His book, Tribes, was a nationwide bestseller, appearing on the Amazon, New York Times, BusinessWeek and Wall Street Journal bestseller lists. It's about the most powerful form of marketing--leadership--and how anyone can now become a leader, creating movements that matter.

His book Linchpin came out in 2008 and was the fastest selling book of his career. Linchpin challenges you to stand up, do work that matters and race to the top instead of the bottom. More than that, though, the book outlines a massive change in our economy, a fundamental shift in what it means to have a job.

Since Linchpin, Godin has published two more books, Poke the Box and We Are All Weird, through his Domino Project.

Recently, he launched The Icarus Deception via Kickstarter, which reached its goal in less than three hours. It will be available to the public in January of 2013.

In addition to his writing and speaking, Seth is founder and CEO of Squidoo.com, a fast growing recommendation website. His blog (find it by typing "seth" into Google) is the most popular marketing blog in the world. Before his work as a writer and blogger, Godin was Vice President of Direct Marketing at Yahoo!, a job he got after selling them his pioneering 1990s online startup, Yoyodyne.

You can find every single possible detail that anyone could ever want to know at squidoo.com/seth.

Customer Reviews

Easy read and yet, interesting and informative.
Marla
In the Meatball Sundae, he provides big-picture descriptions and examples of fourteen trends that are changing the business and marketing world.
Doug Kenshol
The biggest problem with reviewing a Seth Godin book is that the review is usually more complex than the book itself.
Mitch Joel

Most Helpful Customer Reviews

34 of 40 people found the following review helpful By David M. Scott on December 26, 2007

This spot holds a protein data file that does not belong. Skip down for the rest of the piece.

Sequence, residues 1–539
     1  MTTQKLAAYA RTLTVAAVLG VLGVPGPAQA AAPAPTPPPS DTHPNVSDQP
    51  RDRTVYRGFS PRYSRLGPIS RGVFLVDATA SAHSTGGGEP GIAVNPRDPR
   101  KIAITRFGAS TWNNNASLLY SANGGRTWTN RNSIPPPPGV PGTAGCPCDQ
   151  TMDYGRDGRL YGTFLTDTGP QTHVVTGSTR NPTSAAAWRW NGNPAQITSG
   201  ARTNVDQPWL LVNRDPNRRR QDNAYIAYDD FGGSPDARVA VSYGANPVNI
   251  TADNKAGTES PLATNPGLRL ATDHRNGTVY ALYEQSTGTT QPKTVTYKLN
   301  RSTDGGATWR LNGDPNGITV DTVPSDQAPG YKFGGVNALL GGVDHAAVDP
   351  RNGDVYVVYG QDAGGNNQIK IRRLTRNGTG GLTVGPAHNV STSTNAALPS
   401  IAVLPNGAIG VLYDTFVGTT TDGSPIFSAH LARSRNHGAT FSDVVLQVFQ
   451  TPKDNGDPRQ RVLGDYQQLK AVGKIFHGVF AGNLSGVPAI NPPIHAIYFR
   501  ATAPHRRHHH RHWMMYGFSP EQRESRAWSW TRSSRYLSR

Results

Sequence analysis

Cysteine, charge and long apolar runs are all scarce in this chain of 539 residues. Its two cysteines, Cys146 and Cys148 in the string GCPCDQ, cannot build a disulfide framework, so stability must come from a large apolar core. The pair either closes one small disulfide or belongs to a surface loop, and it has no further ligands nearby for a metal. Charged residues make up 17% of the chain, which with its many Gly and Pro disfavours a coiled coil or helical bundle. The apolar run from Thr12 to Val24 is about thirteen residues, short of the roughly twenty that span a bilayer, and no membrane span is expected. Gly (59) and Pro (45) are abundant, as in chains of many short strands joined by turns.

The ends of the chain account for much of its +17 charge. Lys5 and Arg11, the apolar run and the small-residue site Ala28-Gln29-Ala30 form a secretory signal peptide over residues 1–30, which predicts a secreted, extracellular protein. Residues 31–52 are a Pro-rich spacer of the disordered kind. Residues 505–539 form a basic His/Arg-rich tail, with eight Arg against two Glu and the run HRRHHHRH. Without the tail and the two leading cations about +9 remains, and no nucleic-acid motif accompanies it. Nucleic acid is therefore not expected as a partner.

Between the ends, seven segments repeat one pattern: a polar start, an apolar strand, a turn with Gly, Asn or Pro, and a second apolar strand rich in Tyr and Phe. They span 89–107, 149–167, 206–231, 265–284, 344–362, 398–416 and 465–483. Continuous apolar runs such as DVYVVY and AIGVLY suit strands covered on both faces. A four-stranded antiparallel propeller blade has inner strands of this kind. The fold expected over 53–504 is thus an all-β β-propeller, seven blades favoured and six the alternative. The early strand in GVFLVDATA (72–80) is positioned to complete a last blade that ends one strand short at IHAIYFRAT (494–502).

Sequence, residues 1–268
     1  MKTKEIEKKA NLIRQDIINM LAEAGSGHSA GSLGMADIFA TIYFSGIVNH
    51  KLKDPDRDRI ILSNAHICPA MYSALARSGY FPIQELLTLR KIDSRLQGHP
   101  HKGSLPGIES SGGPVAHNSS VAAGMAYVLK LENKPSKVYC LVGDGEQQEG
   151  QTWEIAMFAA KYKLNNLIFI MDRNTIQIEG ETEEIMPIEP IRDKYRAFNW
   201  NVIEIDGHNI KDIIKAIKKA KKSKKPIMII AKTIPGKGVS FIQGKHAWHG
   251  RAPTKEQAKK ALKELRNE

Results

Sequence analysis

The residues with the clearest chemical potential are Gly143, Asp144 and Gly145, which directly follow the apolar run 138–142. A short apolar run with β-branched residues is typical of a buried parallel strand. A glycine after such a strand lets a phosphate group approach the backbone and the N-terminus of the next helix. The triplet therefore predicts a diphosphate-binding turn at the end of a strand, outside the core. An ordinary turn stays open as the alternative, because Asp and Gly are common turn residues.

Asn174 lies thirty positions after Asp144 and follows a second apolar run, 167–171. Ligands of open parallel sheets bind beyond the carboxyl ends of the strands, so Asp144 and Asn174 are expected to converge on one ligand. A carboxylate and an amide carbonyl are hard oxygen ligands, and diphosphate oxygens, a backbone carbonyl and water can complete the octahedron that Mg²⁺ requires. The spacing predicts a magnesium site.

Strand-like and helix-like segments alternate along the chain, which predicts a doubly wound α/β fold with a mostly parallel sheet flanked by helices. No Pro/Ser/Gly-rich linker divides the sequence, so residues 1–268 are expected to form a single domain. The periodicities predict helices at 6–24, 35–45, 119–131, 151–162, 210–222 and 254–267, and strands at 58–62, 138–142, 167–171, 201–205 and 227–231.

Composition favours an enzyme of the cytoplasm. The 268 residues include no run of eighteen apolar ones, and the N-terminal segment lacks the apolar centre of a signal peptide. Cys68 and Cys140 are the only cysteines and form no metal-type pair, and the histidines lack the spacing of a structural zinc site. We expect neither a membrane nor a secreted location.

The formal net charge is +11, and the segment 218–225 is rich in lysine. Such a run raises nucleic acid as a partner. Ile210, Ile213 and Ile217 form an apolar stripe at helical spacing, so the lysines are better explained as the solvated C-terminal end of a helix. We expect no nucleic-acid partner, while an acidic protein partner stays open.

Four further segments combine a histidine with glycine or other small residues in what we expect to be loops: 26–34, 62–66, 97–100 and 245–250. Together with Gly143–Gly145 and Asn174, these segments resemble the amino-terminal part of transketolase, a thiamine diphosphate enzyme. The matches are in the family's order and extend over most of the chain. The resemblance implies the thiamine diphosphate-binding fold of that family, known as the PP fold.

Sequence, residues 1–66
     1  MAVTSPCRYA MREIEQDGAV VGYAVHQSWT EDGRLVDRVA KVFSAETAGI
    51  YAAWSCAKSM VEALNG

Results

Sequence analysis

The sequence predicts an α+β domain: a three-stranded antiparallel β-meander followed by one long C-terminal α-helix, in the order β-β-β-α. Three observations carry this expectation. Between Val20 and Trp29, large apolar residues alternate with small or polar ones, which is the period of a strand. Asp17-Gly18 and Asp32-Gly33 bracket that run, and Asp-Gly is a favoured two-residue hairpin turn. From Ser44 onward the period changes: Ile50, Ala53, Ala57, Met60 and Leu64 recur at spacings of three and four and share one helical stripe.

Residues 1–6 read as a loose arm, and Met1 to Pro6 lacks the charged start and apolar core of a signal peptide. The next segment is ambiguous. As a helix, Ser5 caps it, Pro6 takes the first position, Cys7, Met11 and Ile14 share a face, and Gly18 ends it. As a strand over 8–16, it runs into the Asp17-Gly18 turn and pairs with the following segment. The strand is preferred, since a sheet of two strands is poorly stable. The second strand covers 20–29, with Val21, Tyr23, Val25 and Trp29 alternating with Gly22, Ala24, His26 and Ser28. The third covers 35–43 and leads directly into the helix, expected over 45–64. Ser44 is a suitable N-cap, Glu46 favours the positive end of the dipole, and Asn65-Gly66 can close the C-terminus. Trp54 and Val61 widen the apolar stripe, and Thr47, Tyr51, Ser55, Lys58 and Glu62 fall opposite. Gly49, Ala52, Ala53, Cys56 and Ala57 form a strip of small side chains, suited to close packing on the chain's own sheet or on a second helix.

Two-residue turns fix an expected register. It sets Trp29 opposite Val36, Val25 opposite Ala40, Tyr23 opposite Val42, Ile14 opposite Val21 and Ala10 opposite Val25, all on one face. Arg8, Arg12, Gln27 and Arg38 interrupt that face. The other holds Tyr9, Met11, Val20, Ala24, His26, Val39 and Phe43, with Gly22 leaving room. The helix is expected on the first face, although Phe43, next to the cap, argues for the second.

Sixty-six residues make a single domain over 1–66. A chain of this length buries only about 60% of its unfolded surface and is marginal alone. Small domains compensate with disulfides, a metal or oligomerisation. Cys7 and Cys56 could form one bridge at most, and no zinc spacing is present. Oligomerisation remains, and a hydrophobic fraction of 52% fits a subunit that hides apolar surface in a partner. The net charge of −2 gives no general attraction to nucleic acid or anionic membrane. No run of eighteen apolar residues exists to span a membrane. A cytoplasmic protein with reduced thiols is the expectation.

Format: Hardcover Verified Purchase
When I deliver keynote speeches and run seminars at companies, I am often asked for advice on how to convince the bosses that the new rules of marketing really work. Frequently people say something like: "My bosses make me prove ROI before I can do this online thought leadership and viral marketing stuff."

My cynical answer is: "What's the ROI of putting on your pants in the morning?"

But then I suggest that people to ask their boss if in the past few months, they've made a product or service decision based on a direct mail piece they received or based on a TV advertisement. (Almost no bosses have). Then I say they should ask their boss if in the past few months they've used Google or another search engine to make a product or service decision. (Virtually all bosses have).

Well now I have something else to suggest. Buy a copy of Seth Godin's Meatball Sundae: Is Your Marketing out of Sync? for your bosses.* Tell them it is an important book. Meatball Sundae will be your tool to help others in your organization to understand what you already get and what you are eager to implement. It will help you to get the buy-in to do the new rules of marketing that you know makes sense.

But first your bosses may need to transform your company.

Meatball Sundae lays out in a convincing manner the transformations that are taking place in business today. These transformations mean that everything needs to be looked at carefully, including marketing. But to just toss new marketing onto the top of obsolete business models is like putting whipped cream and a cherry onto meatballs to make a sundae. (Yuk).

Godin tells a story I really like.
Read more ›
3 Comments Was this review helpful to you? Yes No Sending feedback...
Thank you for your feedback. If this review is inappropriate, please let us know.
Sorry, we failed to record your vote. Please try again
Format: Hardcover